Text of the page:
Up to our knowledge, the literature is deficient in studies on the magnitude of OBF in the different dentition stages (early primary dentition, late primary dentition, early mixed dentition, late mixed dentition, and permanent dentition stages). The aims of this study were to

  1. report on the MOBF among different dentition stages in children and

  2. study the relation of OBF to weight, height, and gender.

Materials and methods

This study was cross-sectional in design and was carried out between March and June 2011. Ethical approval for the study was obtained from the Institutional Review Board (IRB) at the Jordan University of Science and Technology (JUST). A total of 1011 children, who fulfilled the inclusion criteria, aged from 3 to 18 years of age were examined. An examination form was filled for each subject by the same researcher (MS). Using power analysis, it was calculated that at least 200 subjects in each group were required to detect a medium effect size (0.25 SD) between the five groups at a significance level of 0.05 with a power of 0.99.

The study population included 500 females and 511 males from 3 to 18 years of age. They were randomly selected from kindergartens, private and public schools, and private dental clinics (JUST Dental Teaching Center). The list that contained the names of schools enrolling the required age groups was obtained from the Directorate of Education in Irbid Governate. These schools were categorized into sections according to age. Schools in each section were numbered and those with even number were visited.

The inclusion criteria included the following:

  1. Age above 3 years (completely into language).

  2. Angle Class I molar relationship without an anterior or posterior crossbite or open bite.

  3. No missing teeth in the regions of recording (molar area).

  4. No local pain experienced at the deciduous molars.

  5. No heavily restored teeth on the area of recording.

  6. No gingival inflammation, no periodontal diseases, and no mobility of the teeth.

  7. No reported systemic disease (chronic arthritis) or apparent facial asymmetry that could affect the recordings.

  8. No parafunctional habits, no pathological wearing facits, or any other soft tissue abnormalities.

  9. No temporomandibular joint dysfunction.

The subjects were divided into five groups according to their dentition stage as the following:

  1. Group 1: early primary dentition stage (children who have just completed the eruption of all primary teeth; n = 200, 100 males and 100 females, average age was 3.37 ± 0.23 years).

  2. Group 2: late primary dentition stage (children just before the eruption of the first permanent molar; n = 204, 104 males and 100 females, average age was 5.86 ± 1.15 years).

  3. Group 3: early mixed dentition stage (children after the eruption of the permanent first molars and lower incisors and before the eruption of the permanent lower canines and premolars; n = 200, 100 males and 100 females, average age was 8.15 ± 0.67 years).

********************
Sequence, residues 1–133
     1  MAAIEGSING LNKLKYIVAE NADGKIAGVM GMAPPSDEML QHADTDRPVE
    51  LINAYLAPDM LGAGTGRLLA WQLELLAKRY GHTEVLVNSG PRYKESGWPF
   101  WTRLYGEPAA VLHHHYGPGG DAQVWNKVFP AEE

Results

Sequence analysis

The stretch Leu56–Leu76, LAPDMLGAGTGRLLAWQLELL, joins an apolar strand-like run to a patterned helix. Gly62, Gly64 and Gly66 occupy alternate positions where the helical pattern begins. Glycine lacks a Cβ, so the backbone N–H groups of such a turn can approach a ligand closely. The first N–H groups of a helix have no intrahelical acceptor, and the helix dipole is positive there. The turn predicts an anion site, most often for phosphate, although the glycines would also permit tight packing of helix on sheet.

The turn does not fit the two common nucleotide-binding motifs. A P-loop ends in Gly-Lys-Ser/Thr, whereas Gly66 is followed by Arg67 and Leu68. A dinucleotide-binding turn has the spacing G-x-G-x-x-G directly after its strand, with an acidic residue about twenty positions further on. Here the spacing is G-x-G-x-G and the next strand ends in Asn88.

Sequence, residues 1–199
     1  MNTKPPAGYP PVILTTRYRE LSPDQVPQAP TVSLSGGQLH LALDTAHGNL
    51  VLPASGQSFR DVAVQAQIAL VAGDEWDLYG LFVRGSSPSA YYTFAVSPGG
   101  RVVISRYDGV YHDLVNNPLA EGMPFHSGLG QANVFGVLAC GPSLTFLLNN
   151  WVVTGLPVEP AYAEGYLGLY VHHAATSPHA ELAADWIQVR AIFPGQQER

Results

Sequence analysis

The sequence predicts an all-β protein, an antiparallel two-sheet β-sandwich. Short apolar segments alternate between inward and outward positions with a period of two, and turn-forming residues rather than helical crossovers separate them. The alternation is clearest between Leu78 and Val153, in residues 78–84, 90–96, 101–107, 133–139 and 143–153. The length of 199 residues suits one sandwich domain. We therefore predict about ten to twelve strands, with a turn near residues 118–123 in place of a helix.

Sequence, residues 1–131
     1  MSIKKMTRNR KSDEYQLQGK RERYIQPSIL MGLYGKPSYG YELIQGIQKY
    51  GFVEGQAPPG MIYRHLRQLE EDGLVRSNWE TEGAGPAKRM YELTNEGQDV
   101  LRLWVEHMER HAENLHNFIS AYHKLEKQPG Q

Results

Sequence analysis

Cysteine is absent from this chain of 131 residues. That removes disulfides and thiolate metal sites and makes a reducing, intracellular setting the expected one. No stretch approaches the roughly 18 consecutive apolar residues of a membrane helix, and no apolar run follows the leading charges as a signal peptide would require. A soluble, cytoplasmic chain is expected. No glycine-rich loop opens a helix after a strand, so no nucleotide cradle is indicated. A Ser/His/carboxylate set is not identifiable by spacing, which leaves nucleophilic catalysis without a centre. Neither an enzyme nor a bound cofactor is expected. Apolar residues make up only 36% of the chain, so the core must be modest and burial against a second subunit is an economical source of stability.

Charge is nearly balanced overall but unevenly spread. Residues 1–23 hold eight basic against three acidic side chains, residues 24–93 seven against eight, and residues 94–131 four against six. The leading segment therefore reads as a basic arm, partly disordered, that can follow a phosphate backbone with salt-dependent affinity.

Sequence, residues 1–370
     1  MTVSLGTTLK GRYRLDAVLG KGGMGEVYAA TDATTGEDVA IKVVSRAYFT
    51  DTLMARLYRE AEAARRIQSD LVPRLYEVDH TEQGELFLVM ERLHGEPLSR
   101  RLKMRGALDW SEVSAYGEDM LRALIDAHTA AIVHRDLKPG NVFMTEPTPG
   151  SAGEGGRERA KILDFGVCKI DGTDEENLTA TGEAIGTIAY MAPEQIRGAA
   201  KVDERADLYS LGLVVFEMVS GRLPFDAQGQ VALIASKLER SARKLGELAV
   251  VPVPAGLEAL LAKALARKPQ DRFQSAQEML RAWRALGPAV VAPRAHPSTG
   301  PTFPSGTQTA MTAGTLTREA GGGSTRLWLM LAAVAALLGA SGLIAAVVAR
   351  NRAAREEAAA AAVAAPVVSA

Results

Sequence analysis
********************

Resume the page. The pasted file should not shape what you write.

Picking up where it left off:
4. Group 4: late mixed dentition stage (children after the eruption of permanent teeth except for the second premolars and/or upper permanent canines; n = 200, 100 males and 100 females, average age was 9.97 ± 0.86 years).

  5. Group 5: permanent dentition stage (children after the complete eruption of permanent teeth excluding third molars; n = 207, 107 males and 100 females, average age was 14.03 ± 2.14 years).

Each child who fullfilled the inclusion criteria received a consent form and an abstract of the study and its goals and method of examination. Those children who returned the consent form signed by their parents were examined. The examination form consisted of two major parts: the demographic data part including the name of the child and the date of birth, height, and weight and the measurement part including the measurement of OBF. The OBF was measured bilaterally in the second primary (subjects in groups 1, 2, and 3) or the first permanent (subjects in groups 4 and 5) molars region (according to the dentition stage) using a portable occlusal force gauge (GM10; Nagano Keiki, Tokyo, Japan; Figure 1). Subjects were seated upright without head support with the Frankfort plane nearly parallel to the floor. The OBF gauge consists of a hydraulic pressure gauge and a biting element made of a vinyl material encased in a polyethylene tube (Sakaguchi et al., 1996). Before the recording, subjects were trained to perform their highest possible OBF. Some behavioural difficulties were faced especially when taking the OBF measurements for children in groups 1 and 2. Children who did not manage to bite as instructed were excluded. OBF was measured alternately on the right and left sides with a 15 second resting time between each bite. Subjects were instructed to bite three times as hard as possible on the gauge without moving the head. The highest value of the three OBF measurements per side was recorded as the MOBF for that side. The mean value for the right and left sides was considered as the subject’s MOBF and used in the analysis.